here are a few ways to travel to our wedding, and there many hotels in Chicago. If our wedding was in Eureka, Nevada, there would only be one road and two hotels... but we will get to that in a moment.
There are two airports in Chicago, Midway International Airport and O'Hare International Airport. You can take a train from each airport to downtown. The trip is about 30 minutes from Midway and about 1 hour from O'Hare. View the Chicago Transit Authority Map. You can also take a taxi from either airport to the hotel. The fare from Midway will be approximately $25 and the fare from O'Hare is around $40.
Amtrak trains arrive at Union Station. The station is only a few blocks from the hotel. The taxi fare from the station to the hotel is around $5.
225 South Canal Street
Chicago, IL 60606
Make an Amtrak Reservation
UPDATE: Please make your reservations at the Crowne Plaza Chicago Metro by December 17, 2010. If you are staying at the hotel on the night of December 30 or January 1 the AAA rate may be cheaper than our group rate.
The group rate for the Crowne Plaza Chicago Metro is $149/night for both January 30th and 31st. Rooms are available under the Brinkoetter/Schum party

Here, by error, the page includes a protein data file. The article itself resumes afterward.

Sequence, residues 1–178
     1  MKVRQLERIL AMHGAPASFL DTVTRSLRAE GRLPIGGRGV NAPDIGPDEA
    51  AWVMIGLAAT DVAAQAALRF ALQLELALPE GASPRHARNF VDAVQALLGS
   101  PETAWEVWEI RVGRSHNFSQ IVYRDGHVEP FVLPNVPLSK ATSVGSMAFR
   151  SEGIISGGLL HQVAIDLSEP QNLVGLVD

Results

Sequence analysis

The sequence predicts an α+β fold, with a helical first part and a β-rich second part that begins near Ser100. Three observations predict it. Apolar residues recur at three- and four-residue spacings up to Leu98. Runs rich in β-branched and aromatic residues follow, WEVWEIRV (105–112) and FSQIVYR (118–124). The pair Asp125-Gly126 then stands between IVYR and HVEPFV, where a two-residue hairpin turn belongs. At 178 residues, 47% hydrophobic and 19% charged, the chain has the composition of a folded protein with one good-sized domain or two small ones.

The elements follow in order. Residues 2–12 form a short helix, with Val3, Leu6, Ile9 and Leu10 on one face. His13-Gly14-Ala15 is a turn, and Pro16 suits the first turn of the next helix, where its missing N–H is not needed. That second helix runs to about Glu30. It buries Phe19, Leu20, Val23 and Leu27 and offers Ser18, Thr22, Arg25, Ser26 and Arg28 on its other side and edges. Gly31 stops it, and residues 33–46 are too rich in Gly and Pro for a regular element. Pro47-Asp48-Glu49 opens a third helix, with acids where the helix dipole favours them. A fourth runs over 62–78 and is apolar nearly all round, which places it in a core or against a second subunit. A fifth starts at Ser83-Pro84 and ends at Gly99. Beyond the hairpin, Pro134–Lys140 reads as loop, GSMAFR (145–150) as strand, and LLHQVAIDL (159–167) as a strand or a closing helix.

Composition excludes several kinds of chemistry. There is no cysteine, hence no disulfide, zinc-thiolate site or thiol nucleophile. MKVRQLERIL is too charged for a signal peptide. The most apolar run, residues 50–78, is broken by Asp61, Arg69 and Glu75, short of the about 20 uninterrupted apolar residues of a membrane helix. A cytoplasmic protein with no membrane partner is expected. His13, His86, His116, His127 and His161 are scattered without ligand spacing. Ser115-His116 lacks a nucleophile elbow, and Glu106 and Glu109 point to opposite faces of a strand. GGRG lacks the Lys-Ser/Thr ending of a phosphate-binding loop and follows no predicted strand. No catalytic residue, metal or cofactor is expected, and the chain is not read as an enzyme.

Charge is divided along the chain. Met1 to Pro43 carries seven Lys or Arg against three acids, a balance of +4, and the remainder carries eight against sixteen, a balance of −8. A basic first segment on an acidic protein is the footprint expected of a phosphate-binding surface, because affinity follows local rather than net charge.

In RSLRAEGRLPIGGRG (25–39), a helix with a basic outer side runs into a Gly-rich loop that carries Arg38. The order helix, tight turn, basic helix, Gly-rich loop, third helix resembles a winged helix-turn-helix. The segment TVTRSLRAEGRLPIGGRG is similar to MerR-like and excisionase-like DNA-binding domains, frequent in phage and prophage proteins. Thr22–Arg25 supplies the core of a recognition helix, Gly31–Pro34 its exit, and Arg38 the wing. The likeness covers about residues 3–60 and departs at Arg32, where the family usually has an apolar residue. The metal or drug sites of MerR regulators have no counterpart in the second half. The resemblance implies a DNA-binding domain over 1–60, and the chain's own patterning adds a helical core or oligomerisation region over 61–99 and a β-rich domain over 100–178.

Crowne Plaza Chicago Metro
733 West Madison Street
Chicago, IL 60661
Make a Reservation
Parking at the Crowne Plaza is valet only, and available for $36/night. There are also several public parking lots in the area. View a list of nearby parking options.
We trekked west across the country to California in the summer of 2007. A wildfire halted our progress just outside Carlin, Nevada. We were anxious to continue our journey, so we decided to cut south toward US-50 and follow its path across the state. We soon realized our detour was going to force us to stay the night somewhere in the deserts of Nevada.
We pulled into Eurkea at sunset and stopped at the Best Western; the only hotel in town worth staying at. They were full for the night, so we decided to press on rather than test our luck at the Jackson House Hotel & Salon; the historic and slightly creepy second option. We were only a few minutes down the empty desert highway when a large elk jumped into our path. We took this as a sign that we were done for the evening and reluctantly checked into the Jackson. We slept that night with one eye open. The next morning we gathered our belongings, said goodbye to that odd slice of history, and headed back onto US-50, the Loneliest Road in America.